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Sam, Accountant
Category: Tax
Satisfied Customers: 14195
Experience:  26 HMRC expertise, PAYE, Self Assessment ,Residency, Rental Income, Capital Gains, CIS ask for Sam Tax
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I have question born of idle curiousity rather than urgency

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Hi there,
I have question born of idle curiousity rather than urgency and so other people's questions should take precedent before mine. However, theoretically, if someone was unemployed in the UK - and therefore not pay any income tax - yet for instance somehow someway gain £100,000 on the stock market, how would their tax work out? Is there some sort of special condition for this? Would they be regarded as self-employed perhaps and pay the higher rate? Or would the person simply pay 10% capital gains tax upto £32,000 via lower band income tax, and then having deducted £11,100 using their tax free allowance, pay 20% capital gains on the remaining £56,900?
Thanks a lot!


Thanks for your question

Is this through the actual investing on shares and selling at a later date and making a gain or specifically forex trading.

If the former then the first £11,100 would be tax free under the capital gain rules, then the next £32000 at 18% and then the remaining gain at 28%

If forex trading then no tax liability at all as deemed to be gambling (forecasting) unless you were making this money by other peoples money in which it would then be classed as a self employment trade - and then the first £11,000 would be tax free, then the next £32000 at 20% and the remaining amount at 40%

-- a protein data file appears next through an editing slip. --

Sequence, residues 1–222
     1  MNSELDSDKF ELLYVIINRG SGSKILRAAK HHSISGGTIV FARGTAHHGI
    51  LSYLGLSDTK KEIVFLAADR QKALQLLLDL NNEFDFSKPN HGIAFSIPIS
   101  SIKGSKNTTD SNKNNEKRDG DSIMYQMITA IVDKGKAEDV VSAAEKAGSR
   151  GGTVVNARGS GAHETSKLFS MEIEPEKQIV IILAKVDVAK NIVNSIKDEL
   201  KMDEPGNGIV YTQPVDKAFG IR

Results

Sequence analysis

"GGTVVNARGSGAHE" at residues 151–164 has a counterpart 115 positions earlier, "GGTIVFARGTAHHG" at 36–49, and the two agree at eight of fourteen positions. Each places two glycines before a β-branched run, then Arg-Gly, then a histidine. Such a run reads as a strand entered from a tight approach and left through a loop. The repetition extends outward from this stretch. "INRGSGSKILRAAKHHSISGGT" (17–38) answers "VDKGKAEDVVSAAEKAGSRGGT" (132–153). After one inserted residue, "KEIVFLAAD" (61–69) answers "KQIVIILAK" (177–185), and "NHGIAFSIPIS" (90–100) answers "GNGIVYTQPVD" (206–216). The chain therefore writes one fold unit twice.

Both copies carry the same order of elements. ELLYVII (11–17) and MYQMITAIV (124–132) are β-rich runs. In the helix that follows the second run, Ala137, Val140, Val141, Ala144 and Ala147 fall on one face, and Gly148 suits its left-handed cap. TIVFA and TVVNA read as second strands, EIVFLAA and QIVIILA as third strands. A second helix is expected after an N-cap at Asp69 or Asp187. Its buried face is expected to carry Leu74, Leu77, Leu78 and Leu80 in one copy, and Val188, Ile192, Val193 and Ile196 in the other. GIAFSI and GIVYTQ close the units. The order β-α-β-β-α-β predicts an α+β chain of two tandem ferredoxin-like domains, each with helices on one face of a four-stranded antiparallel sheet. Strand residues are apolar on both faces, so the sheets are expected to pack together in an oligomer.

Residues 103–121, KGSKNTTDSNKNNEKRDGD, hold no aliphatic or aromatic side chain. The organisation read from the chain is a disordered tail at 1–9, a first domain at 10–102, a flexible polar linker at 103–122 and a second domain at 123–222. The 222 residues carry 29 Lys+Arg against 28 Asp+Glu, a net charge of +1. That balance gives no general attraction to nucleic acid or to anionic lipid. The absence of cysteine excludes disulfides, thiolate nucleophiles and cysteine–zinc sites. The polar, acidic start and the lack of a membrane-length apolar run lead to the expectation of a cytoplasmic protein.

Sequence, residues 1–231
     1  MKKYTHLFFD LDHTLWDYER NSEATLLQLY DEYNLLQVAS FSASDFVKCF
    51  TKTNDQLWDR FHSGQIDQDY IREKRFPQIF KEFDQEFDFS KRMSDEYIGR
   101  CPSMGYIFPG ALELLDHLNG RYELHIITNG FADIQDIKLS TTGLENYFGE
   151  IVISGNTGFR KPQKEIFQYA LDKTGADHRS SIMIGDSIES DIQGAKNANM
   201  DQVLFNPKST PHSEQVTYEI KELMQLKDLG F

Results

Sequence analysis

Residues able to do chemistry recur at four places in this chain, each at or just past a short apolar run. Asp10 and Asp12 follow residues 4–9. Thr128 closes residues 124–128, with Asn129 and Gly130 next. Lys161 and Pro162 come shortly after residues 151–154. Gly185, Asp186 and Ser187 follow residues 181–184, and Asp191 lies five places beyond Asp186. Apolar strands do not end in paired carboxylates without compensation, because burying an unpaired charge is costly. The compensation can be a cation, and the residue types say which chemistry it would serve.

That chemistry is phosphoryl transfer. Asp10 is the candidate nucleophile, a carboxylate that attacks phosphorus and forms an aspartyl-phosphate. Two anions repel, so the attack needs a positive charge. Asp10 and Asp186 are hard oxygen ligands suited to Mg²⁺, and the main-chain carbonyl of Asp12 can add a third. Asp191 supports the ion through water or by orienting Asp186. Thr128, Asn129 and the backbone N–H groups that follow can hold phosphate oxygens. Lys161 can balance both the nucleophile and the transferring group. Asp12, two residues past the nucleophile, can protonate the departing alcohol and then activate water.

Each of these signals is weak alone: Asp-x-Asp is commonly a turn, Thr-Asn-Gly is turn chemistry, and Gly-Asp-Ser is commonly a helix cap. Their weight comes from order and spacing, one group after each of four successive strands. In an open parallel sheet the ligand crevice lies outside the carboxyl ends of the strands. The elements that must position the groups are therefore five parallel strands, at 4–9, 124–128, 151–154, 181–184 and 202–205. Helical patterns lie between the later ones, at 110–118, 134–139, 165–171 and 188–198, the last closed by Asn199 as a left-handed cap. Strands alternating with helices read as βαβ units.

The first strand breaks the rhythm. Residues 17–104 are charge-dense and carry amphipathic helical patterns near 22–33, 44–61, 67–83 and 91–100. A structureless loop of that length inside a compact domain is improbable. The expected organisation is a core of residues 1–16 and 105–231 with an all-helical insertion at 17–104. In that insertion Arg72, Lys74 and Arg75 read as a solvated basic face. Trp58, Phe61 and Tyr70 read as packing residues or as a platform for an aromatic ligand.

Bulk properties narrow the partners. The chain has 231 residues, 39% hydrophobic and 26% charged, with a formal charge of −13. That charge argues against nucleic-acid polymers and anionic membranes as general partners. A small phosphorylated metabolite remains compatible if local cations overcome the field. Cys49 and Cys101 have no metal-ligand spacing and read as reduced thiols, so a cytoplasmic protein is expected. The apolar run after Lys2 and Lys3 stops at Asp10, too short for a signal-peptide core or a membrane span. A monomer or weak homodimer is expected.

Let me know if I can assist further



Customer: replied 1 year ago.
Thanks Sam, that makes a lot of sense.Just one more thing to get this exact however. There are new capital gains tax rules from April 6th 2016 onwards. From what I am reading, a capital gains tax at 18% on the £32,000 via lower band would ONLY be if someone were disposing of residential property, while a remaining gain charged at 28% would also only be charged at 28% if it was residential property a person was disposing of. Instead of this then, if someone was selling only shares for their gain, the respective lower band capital gains tax from what I'm reading would be 10% of the gains upto £32,000 and then 20% on the remaining gain above this. Am I reading this right? again Sam.


Thanks for your response

Yes you are right but I assumed (wrongly) you were talking about a gain already realised - is this not the case?

That not being the case - that you are referring to a gain post 6th April then your capital gain position is first £11,100 tax free then any unused basic rate and will allow that element of gain at 10% and any remaining gain just at 20%



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Customer: replied 1 year ago.
Ahhh I see, that's perfect Sam, thanks for your help. Top marks!